What are the challenges, solutions and opportunities of virtual training courses and lectures?


  • Availability of software and hardware.
  • Internet connectivity.
  • Cost of set-up.
  • Security of data and software.
  • Engagement of professionals, especially digital sceptics.
  • Different levels of digital literacy
  • Unable to provide robust practical feedback.
  • Ensuring people are aware of the courses and lectures, and encouraging them to join.


  • Make sure the hardware or software needed is freely available.
  • Allow access from alternative spaces such as libraries or check points.
  • Ensure systems are easy to use and interactive.
  • Make courses and lectures beneficial to learners.
  • Use familiar formats or common software so learners don’t need extra training to participate.


  • Flexible learning.
  • Reduced service delivery cost (in some situations) as there are no venue hire costs or travel expenses.
  • Sharing knowledge with like-minded people across a wider geographical area.
  • Acquiring new skills.
  • Lectures or events are often recorded so learners can return to the information and reply segments.
  • Software that enables adaptations to audio and display size, plus the option to learn at a different pace, mean they're more accessible to students with learning difficulties or disabilities. 

Virtual and Technology Enabled Care Service (TECS) student placements

Like traditional clinical placements, virtual and Technology Enabled Care Service (TECS) placements aim to help students develop their skills within a practice setting. They encourage autonomy and provide the opportunity for students to apply what they have learned.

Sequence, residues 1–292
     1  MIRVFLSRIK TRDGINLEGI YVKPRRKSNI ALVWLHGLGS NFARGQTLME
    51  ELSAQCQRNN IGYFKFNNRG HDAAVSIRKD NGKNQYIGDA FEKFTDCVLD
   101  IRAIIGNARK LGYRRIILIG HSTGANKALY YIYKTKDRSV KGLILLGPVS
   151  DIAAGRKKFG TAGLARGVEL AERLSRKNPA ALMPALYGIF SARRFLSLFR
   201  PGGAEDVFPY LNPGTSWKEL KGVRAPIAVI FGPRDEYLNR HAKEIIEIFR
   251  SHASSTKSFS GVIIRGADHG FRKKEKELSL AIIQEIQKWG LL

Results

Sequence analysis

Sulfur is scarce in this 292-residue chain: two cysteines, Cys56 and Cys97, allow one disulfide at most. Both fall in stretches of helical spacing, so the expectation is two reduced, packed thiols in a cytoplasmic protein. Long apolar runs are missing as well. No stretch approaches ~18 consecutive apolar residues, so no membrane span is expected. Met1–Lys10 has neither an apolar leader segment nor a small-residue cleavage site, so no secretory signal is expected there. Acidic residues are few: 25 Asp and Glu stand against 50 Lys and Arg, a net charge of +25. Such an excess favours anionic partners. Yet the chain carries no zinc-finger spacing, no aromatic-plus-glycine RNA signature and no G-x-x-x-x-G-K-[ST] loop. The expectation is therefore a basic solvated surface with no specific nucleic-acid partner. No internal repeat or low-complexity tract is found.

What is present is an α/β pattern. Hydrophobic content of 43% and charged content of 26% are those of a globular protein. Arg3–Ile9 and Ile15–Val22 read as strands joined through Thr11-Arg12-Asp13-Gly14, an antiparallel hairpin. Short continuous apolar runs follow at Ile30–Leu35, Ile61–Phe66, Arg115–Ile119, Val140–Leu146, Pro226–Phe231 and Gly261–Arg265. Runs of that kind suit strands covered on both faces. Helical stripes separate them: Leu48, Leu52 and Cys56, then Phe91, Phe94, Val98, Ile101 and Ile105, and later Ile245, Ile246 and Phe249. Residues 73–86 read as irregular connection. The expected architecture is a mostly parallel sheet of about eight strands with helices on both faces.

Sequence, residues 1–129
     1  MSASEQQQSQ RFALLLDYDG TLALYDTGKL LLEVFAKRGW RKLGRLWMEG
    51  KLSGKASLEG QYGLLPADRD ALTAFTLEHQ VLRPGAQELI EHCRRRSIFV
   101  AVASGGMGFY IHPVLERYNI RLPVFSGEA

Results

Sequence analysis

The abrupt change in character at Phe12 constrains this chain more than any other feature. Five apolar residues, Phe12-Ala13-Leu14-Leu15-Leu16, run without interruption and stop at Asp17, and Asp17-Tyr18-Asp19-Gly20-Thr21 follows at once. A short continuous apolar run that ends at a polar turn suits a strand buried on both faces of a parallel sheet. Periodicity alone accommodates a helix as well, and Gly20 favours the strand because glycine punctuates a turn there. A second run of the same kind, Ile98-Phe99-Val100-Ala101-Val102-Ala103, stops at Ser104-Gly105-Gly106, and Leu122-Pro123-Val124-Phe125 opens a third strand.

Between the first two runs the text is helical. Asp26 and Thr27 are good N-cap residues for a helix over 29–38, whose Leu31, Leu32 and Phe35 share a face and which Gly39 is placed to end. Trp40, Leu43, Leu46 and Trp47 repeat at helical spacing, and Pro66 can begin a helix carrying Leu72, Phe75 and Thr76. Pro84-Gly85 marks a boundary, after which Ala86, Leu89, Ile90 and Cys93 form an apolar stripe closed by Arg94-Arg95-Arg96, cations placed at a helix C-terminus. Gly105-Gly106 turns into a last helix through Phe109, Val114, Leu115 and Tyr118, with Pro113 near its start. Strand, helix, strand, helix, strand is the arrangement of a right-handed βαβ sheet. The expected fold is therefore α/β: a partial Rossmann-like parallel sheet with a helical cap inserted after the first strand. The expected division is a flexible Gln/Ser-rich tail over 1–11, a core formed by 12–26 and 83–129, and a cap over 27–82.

However, unlike clinical placements, students use technology to engage with educators, organisations and patients, often completing the placement from home.

These placements can be:

  • TECS placements (also known as telehealth)
  • simulated placements
  • policy or leadership placements
  • research placements.

Why deliver placements this way?

In 2019 the NHS released their Long Term Plan, which highlighted the need to increase the use of digital-enabled care within healthcare systems. A growing number of physiotherapy services are being offered to patients in a ‘remote first’ format and some patients are already being supported digitally to manage long-term conditions and musculoskeletal disorders.

Although digital-enabled care can improve services and make them more sustainable, it has the potential to create a skills gap in the workforce. Offering these placements to students during their training means they can develop the skills they need to manage remote patient care platforms. This benefits both patients and physiotherapy teams.

There is an increasing need for physiotherapy placement places, both to meet the demands of a growing profession and an expanding UK population. These types of placements offer part of the solution.

Many TECS placements take place in an environment that wasn’t previously accessible to students or where multiple students couldn't take part, and so they increase placement capacity. Virtual placements have been covered in a number of practice-based learning case studies.

What are the challenges, solutions and opportunities of TECS and virtual placements?


  • Availability of software and hardware.
  • Internet connectivity.
  • Security of data and software.
  • Student engagement.
  • Environment and safety (a private and comfortable home-working set-up is essential).


  • Universities can open offices or designate library space for students to complete placements.
  • Use evidenced software to ensure data safety and good user experience.
  • Normalise different placement types.


  • Potential to increase placement capacity.
  • Opportunity for students to enter different sectors of physiotherapy that weren’t accessible previously.
  • Enables flexible learning.
  • Develops the skills needed to deliver digital services.
  • Can reduce travel and expenses for students.

Further resources and information


  • Ani Stoker
  • Sam Wynne
Last reviewed: